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Brains and Brawn: Student-Athletes Win With Academics

High GPAs and Volunteerism Round Out College Careers

Courtesy of UMass Lowell Athletics Department
Hannah Merullo, one of several UMass Lowell student-athletes recently recognized for academic and community achievements, received a 2012 Chancellor's Medal.

By Julia Gavin

In college, students learn how to budget time, work under pressure and collaborate with team members. But student-athletes get extra practice in these areas, balancing time with the team with time with the books. 

Many UMass Lowell River Hawks have so excelled at maintaining equilibrium, that they received academic awards to go with their athletic accolades. 

Hannah Merullo received the Chancellor's Medal at Commencement Eve for her academic and athletic excellence. She graduated with a 3.924 cumulative GPA from the criminal justice program after a senior year as captain of the women's soccer team, leading them to an 11-6-4 record. Merullo also was named to the NE-10 All-Conference Second Team, as well as the NE-10 Women’s Soccer All-Academic Team and the Capital One Academic All-District 1 (Northeast) First Team.

“I worked hard throughout college and sacrificed some social aspects," says Merullo. "Most definitely, this is the biggest honor I’ve ever received."

Merullo is the third women’s soccer player in five years to receive the distinction, joining her sister Celia Merullo ’08 and former standout Brianne Bozzella ’11.

“I think it’s a testament to what our parents taught us, to achieve our highest potential,” Merullo says of sharing the honor with her sister.

Advice From Academic Athletes

Several of the student-athletes who won academic awards this season have advice for others trying to find balance in a busy life.

Angus MacDonald, distance runner and recent graduate of the Curriculum and Instruction master’s program, maintained a 3.78 while helping his team rank No. 7 in the 2012 U.S. Track & Field and Cross Country Coaches Association Division II Program of the Year standings. He credits time-management with getting him toward his goal of becoming a high school math teacher and cross country coach.

"Just try to plan your day ahead, and set goals to get things done," MacDonald says. "It can be difficult organizing my time, but I'm usually able to get all my schoolwork done, run and work in one day just by having a plan and really sticking to it.” 

May graduate Elyssa Boris, an exercise physiology major with a 3.41 cumulative average, was named to the Capital One 2012 Academic All-America Softball Second Team as well as the National Fastpitch Coaches Association All-East Region First Team. Her advice to fellow student-athletes is not unique to sports.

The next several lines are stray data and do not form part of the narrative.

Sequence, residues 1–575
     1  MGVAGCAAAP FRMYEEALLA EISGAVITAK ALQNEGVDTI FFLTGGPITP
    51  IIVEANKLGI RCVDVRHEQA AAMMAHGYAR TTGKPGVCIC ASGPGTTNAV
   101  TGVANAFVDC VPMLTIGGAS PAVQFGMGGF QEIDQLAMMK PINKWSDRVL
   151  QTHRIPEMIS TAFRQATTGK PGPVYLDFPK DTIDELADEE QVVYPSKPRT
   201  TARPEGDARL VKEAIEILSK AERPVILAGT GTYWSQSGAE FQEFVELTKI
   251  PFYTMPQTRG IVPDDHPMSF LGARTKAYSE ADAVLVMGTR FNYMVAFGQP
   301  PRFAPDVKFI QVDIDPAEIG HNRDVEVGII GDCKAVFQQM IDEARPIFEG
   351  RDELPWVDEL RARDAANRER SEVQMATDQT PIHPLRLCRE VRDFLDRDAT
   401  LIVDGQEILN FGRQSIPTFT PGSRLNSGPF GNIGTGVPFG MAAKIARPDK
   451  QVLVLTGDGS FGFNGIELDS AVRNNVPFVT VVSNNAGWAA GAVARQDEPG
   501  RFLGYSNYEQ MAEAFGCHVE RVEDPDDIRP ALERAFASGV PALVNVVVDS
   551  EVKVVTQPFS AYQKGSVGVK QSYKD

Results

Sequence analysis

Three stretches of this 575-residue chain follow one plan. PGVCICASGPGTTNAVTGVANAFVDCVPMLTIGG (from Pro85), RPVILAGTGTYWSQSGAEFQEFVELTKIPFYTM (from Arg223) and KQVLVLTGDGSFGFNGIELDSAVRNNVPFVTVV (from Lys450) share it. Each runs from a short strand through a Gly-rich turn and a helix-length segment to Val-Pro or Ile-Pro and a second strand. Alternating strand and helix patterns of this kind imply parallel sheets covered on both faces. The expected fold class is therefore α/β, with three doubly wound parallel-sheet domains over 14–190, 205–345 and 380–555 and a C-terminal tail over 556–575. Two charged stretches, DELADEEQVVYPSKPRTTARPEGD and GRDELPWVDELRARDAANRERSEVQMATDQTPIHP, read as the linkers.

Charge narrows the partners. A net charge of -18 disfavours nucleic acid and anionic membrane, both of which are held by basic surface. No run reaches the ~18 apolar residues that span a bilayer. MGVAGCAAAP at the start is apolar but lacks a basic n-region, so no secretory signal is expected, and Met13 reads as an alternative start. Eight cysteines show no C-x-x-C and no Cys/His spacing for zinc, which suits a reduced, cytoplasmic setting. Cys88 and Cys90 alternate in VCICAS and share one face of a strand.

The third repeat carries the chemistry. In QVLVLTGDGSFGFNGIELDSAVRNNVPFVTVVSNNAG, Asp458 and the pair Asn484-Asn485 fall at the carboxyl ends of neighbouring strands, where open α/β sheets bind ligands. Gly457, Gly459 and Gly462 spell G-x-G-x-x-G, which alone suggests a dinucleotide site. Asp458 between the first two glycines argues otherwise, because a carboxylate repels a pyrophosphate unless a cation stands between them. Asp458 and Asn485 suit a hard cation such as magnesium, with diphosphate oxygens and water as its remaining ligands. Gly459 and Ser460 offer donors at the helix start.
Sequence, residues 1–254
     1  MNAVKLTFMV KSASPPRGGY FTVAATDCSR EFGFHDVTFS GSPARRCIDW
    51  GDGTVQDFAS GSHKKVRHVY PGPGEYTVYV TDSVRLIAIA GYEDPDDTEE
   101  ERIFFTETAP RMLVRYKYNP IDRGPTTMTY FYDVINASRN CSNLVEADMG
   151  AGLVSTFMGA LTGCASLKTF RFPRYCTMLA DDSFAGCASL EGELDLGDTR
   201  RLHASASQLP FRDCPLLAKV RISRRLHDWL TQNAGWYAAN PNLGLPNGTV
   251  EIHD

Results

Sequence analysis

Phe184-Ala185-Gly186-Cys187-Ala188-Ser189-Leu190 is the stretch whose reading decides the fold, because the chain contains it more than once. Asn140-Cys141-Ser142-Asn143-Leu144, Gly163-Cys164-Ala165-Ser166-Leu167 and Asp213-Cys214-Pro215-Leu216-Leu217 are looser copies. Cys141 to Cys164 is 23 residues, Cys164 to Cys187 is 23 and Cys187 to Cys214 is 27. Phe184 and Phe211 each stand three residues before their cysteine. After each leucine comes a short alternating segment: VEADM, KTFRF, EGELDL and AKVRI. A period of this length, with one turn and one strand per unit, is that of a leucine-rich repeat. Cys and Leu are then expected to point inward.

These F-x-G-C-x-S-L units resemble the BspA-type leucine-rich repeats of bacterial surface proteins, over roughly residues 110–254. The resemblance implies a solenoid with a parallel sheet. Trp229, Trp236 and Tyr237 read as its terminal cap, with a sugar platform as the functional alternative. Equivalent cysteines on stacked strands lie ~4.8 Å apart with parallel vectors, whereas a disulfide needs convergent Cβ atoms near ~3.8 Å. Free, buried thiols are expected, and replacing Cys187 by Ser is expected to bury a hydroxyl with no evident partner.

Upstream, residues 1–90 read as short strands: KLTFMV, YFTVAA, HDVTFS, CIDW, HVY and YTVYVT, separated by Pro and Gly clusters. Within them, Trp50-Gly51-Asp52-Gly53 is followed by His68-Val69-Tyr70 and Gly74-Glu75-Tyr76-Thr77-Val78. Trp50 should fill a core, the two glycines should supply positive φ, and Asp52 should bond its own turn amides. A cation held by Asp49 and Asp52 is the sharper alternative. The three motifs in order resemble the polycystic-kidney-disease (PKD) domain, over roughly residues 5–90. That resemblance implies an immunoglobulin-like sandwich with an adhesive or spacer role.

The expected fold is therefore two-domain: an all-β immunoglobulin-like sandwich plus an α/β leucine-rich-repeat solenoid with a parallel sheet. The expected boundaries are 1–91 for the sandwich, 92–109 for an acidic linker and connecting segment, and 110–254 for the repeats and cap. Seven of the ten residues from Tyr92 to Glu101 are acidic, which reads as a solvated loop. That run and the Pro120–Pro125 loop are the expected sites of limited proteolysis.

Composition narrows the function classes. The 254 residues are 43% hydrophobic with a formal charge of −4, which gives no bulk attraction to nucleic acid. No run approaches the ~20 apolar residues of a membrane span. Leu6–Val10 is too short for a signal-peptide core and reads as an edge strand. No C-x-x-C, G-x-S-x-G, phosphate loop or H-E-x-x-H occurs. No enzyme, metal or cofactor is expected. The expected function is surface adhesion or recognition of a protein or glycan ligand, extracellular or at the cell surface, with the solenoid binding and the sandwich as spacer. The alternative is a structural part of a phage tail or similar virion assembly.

"Be where you need to be when you need to be there," says Boris. "If you have to miss practice to catch up on schoolwork, do it. Or if you have an issue at home, be there to fix it and don't worry about practice or school."

Saving Time for Volunteering

Riley Wetmore and Lindsi Panarelli recently received awards for excellence and leadership in sports and academics, as well as for their volunteerism with the University and greater Lowell.

Panarelli, a graduating nursing major and softball player, earned the Laurie Mann Award. She leaves the team with the third-highest number of career home runs at 20. She also spearheaded the team’s “Trick or Canning” effort, a Halloween-like collection of non-perishable food items for the Merrimack Valley Food Bank, and volunteered on the pediatric wing at Lowell General Hospital. All that dedication took hard work.

"I spent many hours in the library and would always be doing work on the bus rides to away games," says Panarelli, who was careful to not overwork herself. "I tried my best to sleep enough, and would take advantage of the time I had off in between classes to relax."

Wetmore, a junior business management major and captain of the ice hockey team, led the team in scoring during its 24-13-1 recent season and participated in every hockey volunteer and community service project. He received the David Boutin Award and says that avoiding procrastination is his main advice to new teammates.

"I tell them they can't save everything for the end of the semester because that's when you need to study and you'll have too much to do," says Wetmore. "Also, if they're struggling early on in the semester they should go get help. UMass Lowell has a second-to-none tutoring center, so there is no reason for anyone to fail. They're a huge asset for all students on campus."